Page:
Try this one:-




From: "David C. Pugh" <davidpug at online.no>

Newsgroups: rec.org.sca,soc.history.medieval

Subject: Re: Byzantine 11th Century

Date: Sun, 8 Oct 2000 11:19:28 +0200


Andrew Hodgson <wh116 at victoria.tc.ca> wrote

> I require information on the clothing of Byzantine Empire during the 11th

> Century. Either books or web-pages would be of great help.


Oxford Dictionary of Byzantium, edited Kazhdan.



From: joylana at aol.com (Joylana)

Newsgroups: rec.org.sca

Date: 08 Oct 2000 13:42:12 GMT

Subject: Re: Byzantine 11th Century


> I require information on the clothing of Byzantine Empire during the

> 11th Century. Either books or web-pages would be of great help.


Here is partial biblio of books that i have in my library.   any further info

i'd be glad to share.





Bibliography of  Byzantine Study


Ancient Greek, Roman, and

        Byzantine Costume & Decoration          Mary G. Houston {libraries}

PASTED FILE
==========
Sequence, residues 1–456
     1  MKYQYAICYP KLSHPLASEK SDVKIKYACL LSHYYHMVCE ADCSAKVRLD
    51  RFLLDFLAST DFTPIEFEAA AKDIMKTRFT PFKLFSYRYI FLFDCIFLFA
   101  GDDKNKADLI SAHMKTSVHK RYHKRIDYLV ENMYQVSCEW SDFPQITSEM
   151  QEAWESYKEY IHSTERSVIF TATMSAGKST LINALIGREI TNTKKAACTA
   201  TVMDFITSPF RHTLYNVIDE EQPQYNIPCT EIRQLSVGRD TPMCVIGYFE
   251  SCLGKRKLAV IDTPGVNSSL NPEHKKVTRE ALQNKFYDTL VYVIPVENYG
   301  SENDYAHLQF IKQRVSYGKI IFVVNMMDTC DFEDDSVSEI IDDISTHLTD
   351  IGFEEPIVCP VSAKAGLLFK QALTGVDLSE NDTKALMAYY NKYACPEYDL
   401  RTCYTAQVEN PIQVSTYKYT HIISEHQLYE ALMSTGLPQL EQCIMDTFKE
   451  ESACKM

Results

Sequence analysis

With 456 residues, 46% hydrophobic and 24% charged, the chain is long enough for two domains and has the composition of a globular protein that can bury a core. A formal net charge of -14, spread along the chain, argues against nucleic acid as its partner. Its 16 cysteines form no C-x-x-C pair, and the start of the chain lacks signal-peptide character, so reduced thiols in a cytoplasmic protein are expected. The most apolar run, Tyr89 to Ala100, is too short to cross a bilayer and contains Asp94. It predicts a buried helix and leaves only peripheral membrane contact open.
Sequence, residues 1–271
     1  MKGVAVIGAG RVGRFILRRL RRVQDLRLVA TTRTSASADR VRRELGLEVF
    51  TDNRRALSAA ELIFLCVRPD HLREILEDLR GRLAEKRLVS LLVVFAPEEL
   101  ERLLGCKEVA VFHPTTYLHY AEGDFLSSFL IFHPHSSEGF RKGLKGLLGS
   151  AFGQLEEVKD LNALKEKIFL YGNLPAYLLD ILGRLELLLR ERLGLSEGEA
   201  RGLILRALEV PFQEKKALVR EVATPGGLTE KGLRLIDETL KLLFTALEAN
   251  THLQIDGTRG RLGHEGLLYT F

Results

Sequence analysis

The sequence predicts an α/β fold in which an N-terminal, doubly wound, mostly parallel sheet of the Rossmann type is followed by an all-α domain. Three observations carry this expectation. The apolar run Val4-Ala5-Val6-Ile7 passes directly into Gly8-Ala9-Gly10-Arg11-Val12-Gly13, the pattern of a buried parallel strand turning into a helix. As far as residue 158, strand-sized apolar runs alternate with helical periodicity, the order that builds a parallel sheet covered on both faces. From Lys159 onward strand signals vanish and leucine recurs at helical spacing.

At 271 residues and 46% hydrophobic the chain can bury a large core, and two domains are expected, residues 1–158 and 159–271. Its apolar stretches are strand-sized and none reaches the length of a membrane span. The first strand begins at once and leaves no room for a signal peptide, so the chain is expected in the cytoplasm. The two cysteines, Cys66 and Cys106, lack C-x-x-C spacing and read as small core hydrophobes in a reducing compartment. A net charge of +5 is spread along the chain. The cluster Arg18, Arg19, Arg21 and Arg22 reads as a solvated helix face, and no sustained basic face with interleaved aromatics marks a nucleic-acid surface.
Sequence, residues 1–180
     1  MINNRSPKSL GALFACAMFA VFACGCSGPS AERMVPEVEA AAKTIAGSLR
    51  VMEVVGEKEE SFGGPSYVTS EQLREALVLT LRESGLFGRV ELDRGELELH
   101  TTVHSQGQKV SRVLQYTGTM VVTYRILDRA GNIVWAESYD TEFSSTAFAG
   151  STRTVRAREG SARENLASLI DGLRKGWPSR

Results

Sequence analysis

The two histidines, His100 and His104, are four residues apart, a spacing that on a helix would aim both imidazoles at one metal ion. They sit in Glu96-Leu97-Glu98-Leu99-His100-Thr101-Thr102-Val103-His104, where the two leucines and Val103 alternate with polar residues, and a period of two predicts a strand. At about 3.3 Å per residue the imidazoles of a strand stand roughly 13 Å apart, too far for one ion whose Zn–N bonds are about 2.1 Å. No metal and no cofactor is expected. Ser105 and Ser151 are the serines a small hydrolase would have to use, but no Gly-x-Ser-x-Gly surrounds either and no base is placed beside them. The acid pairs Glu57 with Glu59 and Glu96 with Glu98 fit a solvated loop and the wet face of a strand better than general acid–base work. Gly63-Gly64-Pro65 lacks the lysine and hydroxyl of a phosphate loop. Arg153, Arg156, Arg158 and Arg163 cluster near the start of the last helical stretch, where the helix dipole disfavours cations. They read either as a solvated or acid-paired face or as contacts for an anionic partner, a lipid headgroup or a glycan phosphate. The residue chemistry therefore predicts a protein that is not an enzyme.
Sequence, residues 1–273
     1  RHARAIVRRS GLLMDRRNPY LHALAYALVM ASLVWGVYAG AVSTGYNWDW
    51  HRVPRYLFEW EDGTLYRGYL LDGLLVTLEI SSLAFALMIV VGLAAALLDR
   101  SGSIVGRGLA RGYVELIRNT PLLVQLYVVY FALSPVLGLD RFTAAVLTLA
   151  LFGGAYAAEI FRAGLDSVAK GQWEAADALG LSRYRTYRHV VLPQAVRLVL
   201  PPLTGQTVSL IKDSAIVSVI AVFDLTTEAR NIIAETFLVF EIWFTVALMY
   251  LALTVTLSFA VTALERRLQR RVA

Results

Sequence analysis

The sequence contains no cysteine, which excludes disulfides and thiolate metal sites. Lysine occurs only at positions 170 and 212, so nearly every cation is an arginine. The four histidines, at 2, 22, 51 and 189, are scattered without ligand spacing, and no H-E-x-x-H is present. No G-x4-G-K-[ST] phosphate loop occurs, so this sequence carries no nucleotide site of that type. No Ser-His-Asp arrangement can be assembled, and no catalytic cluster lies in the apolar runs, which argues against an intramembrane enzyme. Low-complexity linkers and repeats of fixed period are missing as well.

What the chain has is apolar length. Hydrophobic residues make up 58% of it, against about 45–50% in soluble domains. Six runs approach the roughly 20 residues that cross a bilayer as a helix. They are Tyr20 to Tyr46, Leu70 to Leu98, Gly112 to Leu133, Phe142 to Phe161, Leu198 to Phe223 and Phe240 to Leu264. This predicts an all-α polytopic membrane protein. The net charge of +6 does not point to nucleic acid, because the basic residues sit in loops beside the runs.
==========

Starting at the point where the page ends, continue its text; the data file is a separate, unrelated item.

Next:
Art of Europe

        The Dark Ages from Teodoric to Charlemagne      Paola Verzone


Art of the Byzantine Era                                David Talbot Rice


Byzantine Armies 886-1118                               Ian Heath


Byzantine Aspects of Italy                              Daniel Crena De Iongh


Coptic Fabrics                                  Marie-Helene Rutschowscaya


Costume Pattern and Design                      Max Tilke


Cut My Cote                                     Dorothy K. Burnham


Dawn of the Middle Ages                         Michael Grant


Early Christian & Byzantine Architecture        William MacDonald


The Encyclopedia of Ornament                    A. Racinet


Everyday Life in Byzantium                      Tamara Talbot Rice